Plain grits, made by his aunt and grandmother, were the only thing Kofi Acree would eat as a baby. Now he makes grits for himself in all sorts of ways – with shrimp and tomato sauce, with cheese and eggs.
Foods like grits, made from corn, offer a connection to the plants enslaved people of African descent used to survive and thrive, Acree says.
“The fact that I’m carrying on something that my ancestors did is something really wonderful. It’s a joy,” says Acree, director of the John Henrik Clarke Africana Library and curator of Africana Collections in Cornell University Library.
Corn is among the 21 plants featured in “Seeds of Survival and Celebration: Plants and the Black Experience” at the Cornell Botanic Gardens’ Nevin Welcome Center. The exhibition includes an outdoor plant display, audio tour and an indoor exhibit, all describing plants that are significant to the Black experience in the Americas dating back to the transatlantic slave trade. Acree served on the advisory committee that helped shaped the exhibition; he also curated an accompanying library guide.
“We look at that transatlantic slave trade – or ‘Maafa,’ the Swahili term meaning ‘Great Disaster’ – as something horrible,” Acree says. “But what the exhibit is really showing, in a sense, is how we survived.”
Food plants and cash crops
The exhibition focuses on food plants native to West Africa, such as black-eyed peas, okra and millet, that were used as provisions on the slave ships and became embedded in American cuisine. It also highlights the cash crops, like sugarcane, cotton and tobacco, that fueled the transatlantic slave trade.
The goal of the exhibit is to not only elevate the plants that are significant to the Black experience but also to offer a space of diversity and inclusion, says Sarah Fiorello, interpretation coordinator at the gardens. “These are really amazing stories, and enslaved Africans and their descendants are often not given credit for them in our country,” she says.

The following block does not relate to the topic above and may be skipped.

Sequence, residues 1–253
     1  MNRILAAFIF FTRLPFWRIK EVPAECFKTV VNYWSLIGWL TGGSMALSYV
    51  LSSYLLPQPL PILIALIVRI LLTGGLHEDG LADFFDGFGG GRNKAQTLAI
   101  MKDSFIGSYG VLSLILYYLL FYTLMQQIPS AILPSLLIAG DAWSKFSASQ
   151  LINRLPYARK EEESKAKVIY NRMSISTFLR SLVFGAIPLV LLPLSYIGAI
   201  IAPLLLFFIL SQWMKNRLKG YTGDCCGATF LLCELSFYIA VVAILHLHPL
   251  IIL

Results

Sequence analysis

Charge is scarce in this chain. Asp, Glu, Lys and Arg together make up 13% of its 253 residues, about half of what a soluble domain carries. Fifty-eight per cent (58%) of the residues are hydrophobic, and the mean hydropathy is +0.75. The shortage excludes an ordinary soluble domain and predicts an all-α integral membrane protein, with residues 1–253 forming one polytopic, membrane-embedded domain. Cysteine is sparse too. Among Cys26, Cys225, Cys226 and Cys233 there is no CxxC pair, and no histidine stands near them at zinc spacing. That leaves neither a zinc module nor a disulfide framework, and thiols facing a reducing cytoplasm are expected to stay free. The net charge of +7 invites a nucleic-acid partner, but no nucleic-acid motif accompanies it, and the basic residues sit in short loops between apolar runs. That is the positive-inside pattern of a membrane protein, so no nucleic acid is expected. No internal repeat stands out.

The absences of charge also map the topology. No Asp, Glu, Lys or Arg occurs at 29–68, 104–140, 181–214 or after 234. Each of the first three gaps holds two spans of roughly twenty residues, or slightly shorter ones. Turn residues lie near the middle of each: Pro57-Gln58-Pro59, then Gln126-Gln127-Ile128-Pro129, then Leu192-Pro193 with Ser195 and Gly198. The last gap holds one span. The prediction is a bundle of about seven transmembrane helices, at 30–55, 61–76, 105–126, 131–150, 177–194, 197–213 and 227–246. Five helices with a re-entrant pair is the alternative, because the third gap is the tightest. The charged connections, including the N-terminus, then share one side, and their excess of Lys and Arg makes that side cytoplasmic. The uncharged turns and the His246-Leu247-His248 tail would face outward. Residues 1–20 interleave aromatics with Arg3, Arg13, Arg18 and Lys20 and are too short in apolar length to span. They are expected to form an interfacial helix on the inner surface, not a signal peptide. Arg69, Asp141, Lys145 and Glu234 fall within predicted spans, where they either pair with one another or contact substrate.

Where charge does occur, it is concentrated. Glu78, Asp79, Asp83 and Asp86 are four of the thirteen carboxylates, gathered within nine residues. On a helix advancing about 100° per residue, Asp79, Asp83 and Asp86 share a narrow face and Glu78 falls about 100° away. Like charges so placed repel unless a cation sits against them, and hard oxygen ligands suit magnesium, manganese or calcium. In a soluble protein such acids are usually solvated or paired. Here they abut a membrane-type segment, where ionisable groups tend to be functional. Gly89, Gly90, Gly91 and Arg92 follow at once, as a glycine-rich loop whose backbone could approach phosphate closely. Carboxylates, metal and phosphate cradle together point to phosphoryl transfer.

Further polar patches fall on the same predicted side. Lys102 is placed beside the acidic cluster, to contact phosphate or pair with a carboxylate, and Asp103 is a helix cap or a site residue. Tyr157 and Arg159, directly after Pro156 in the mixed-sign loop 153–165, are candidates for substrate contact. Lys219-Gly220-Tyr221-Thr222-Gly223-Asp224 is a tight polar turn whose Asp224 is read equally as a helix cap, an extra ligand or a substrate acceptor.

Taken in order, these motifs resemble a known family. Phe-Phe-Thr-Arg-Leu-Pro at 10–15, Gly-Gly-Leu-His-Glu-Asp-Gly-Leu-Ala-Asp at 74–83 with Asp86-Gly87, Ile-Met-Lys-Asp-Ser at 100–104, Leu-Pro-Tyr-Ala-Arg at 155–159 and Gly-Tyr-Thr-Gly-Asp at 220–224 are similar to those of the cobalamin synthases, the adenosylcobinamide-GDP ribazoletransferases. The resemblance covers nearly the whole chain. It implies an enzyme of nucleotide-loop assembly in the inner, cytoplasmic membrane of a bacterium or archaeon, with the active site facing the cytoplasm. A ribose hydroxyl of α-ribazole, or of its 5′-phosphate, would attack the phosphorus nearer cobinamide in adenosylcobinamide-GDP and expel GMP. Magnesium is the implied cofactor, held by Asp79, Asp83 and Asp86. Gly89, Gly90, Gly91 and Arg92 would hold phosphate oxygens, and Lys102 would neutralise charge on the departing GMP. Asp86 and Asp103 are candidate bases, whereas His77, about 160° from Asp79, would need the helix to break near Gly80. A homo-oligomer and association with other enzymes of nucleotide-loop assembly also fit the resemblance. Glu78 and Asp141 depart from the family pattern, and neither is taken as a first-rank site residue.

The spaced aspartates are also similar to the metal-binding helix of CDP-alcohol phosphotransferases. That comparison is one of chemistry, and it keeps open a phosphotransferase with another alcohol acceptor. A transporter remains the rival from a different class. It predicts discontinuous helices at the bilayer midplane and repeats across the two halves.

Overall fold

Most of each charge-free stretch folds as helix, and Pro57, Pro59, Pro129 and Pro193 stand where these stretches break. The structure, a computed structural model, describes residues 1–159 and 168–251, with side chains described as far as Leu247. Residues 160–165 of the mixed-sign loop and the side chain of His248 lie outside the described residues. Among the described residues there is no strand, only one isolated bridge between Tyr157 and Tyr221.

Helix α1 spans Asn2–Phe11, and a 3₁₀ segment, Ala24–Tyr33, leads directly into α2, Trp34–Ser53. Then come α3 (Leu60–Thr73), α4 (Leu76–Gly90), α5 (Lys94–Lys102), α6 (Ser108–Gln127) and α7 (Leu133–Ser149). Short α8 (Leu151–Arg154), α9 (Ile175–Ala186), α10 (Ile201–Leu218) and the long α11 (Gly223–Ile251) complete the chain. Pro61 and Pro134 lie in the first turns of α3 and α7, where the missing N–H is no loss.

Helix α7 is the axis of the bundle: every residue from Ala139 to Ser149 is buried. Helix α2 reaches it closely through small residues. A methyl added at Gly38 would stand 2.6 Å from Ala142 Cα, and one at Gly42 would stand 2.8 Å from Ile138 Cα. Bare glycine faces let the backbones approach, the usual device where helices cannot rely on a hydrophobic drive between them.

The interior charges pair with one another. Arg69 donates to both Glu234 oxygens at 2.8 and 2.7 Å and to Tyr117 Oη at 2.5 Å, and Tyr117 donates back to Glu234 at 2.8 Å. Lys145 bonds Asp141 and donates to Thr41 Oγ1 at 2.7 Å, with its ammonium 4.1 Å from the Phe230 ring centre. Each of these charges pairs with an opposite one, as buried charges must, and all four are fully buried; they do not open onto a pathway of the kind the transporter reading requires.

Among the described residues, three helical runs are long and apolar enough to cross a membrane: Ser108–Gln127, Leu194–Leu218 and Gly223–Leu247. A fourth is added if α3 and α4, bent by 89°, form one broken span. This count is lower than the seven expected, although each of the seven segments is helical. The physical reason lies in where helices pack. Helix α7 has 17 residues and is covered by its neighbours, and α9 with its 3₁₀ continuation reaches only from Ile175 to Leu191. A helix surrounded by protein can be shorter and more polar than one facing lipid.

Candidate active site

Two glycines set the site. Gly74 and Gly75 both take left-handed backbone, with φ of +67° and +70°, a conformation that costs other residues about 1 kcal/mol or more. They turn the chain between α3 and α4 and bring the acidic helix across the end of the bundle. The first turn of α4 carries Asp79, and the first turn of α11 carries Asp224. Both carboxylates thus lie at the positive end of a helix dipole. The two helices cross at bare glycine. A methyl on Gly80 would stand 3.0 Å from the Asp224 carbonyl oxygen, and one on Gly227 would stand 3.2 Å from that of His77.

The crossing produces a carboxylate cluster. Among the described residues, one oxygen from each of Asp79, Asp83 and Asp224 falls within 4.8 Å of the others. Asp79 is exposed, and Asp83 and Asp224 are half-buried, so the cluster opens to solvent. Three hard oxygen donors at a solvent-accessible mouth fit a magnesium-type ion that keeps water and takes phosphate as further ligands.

The seeds of leftover slave ship provisions – such as watermelon and sorghum – made their way to the gardens enslaved Africans planted around their living quarters. Their agricultural skill and resilience enabled them and their descendants to stay alive – and retain some of their dietary preferences and cultural identities under the trauma of kidnapping and enslavement, Acree says.
“What they did was amazing. They had to till these gardens after they worked, after they labored – for free, by the way,” Acree says. “And so that meant late at night, early in the morning, before they went to the fields.”
Collards were among several leafy green vegetables enslaved people grew in their own gardens, enabling them to carry on a West African tradition of incorporating leafy greens into soups and stews.
Collards hold a special place in the memories of Jakara Zellner ’23, co-leader on the Garden Ambassador team, who served on the advisory committee and narrated the audio tour.
Her mother cooked fresh collard greens from scratch for Sunday dinners and holidays. Zellner prepped the greens for her mother to cook, repeatedly washing the grit off of the tough leaves before her mother braised them, creating a savory “juice.”